ALBUM REVIEW: Gojira warns of dark times ahead on ‘Fortitude’

Gojira, Gojira Fortitude

Fortitude, the new album by French progressive, technical heavy metal band Gojira, maintains the band’s signature exploration of environmental and existential themes alongside shredding and impressive melodies courtesy of Joe Duplantier and Christian Andreu.

Roadrunner, April 30

The album, the band’s seventh and the first since critically acclaimed Magma, opens on lead single “Born For One Thing,” with zapping guitar licks and a low, steady bass. Duplantier examines the innate human fear of death, contrasted with the expectation to overcome the fear and the inevitability of facing it. It’s followed by the deep, bass-heavy groove and rumbling melody of “Amazonia,” the second single that raised cash for Articulação dos Povos Indígenas do Brasil, an organization protecting the environmental and cultural rights of the native tribes in Brazil’s Amazon region.

The lyrics evoke the impending ecological collapse as a result of climate change and deforestation from the hands of humanity, and how in turn this destruction only serves to destroy humanity in the end. “Another goldmine is unveiled/ The source of our sorrow/ Learn/ Embedded in these walls of green/ Is the curse that we follow,” Duplantier sings.

“Another World” continues to build on the themes of ecological collapse, with an ironic observation of how humanity is looking for other hospitable planets as either a source to escape our dying world, or to harvest for further resources—all while Duplantier sings longingly to escape to a world far less bleak. The track opens with guitar blasts, sustained power chords and a rapidly scaling secondary melody.

The album begins to introduce some quasi-religious ideas on “Hold On,” a sort of cry to hold on to faith in the face of unlikely odds to overcome disaster. The choral vocals paired with synthetic organ and thumping kick drum establishes a strict uniformity that’s broken by the subsequent rapid, galloping electric guitar pickup. “New Found” uses these slick riffs —like a pick being dragged up and down the strings—that are reminiscent of late ’90s or early 2000s metal acts with an impressive runtime of six and a half minutes.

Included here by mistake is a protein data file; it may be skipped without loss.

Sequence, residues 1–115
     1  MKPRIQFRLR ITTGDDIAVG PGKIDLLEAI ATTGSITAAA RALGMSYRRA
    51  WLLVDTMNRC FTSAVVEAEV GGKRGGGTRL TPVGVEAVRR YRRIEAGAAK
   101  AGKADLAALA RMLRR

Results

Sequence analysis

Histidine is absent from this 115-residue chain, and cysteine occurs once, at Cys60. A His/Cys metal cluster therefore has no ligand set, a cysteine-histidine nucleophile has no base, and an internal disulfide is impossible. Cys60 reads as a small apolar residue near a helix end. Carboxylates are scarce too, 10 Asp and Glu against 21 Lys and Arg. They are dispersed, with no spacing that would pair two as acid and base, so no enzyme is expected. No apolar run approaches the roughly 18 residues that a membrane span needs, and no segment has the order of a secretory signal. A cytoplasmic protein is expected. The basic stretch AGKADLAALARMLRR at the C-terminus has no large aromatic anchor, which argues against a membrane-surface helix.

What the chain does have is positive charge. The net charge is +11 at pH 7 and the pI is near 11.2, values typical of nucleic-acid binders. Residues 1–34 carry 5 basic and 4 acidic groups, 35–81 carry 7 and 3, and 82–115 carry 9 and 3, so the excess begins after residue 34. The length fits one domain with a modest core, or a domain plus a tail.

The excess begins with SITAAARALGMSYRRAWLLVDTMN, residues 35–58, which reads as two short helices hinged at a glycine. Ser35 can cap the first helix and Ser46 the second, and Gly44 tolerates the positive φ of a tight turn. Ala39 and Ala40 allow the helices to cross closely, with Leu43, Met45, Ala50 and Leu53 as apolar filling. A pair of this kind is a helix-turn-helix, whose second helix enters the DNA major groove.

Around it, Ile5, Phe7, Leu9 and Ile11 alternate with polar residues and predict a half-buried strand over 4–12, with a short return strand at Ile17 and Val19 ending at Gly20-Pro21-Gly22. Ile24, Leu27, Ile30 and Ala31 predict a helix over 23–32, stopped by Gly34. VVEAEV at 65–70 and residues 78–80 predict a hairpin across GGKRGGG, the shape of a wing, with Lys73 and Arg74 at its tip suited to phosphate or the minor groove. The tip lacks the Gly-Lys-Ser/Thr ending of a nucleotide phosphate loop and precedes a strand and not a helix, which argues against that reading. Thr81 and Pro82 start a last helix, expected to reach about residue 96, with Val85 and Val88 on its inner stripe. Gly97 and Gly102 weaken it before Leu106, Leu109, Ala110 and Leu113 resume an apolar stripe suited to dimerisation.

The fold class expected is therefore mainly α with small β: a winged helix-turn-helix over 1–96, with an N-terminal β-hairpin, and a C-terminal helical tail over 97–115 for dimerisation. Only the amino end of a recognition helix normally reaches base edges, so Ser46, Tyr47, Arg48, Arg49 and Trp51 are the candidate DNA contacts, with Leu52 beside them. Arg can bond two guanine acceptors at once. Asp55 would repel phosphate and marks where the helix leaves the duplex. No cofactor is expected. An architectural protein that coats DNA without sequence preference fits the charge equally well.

The title track, by contrast, is fairly short. It leads into “The Chant,” further evoking the spiritual themes present on the album, with light electric guitar strums paired with tambourine and cowbell, a muffled choir of tremolo vocals pulsing in the background. “The Chant” has a stone-cold rocking groove as the guitars growl throughout before warbling into an outro.

“Into The Storm” takes a calmer, more ambient approach to open with quick drumming and warping guitar tones match the speed. The song is a call to action against the abuses of those in power, which, while nonspecific, could be seen as an expression of solidarity with France’s Yellow Vests Movement demanding economic equality through higher wages, improved standards of living and government transparency.

Fortitude meets the standard of quality many have come to expect from Gojira. The band continues to incorporate its artistry and activism in ways that convey complex thoughts on environmentalism with mind-blowing riffs, shredding and increasingly incredible melodies.

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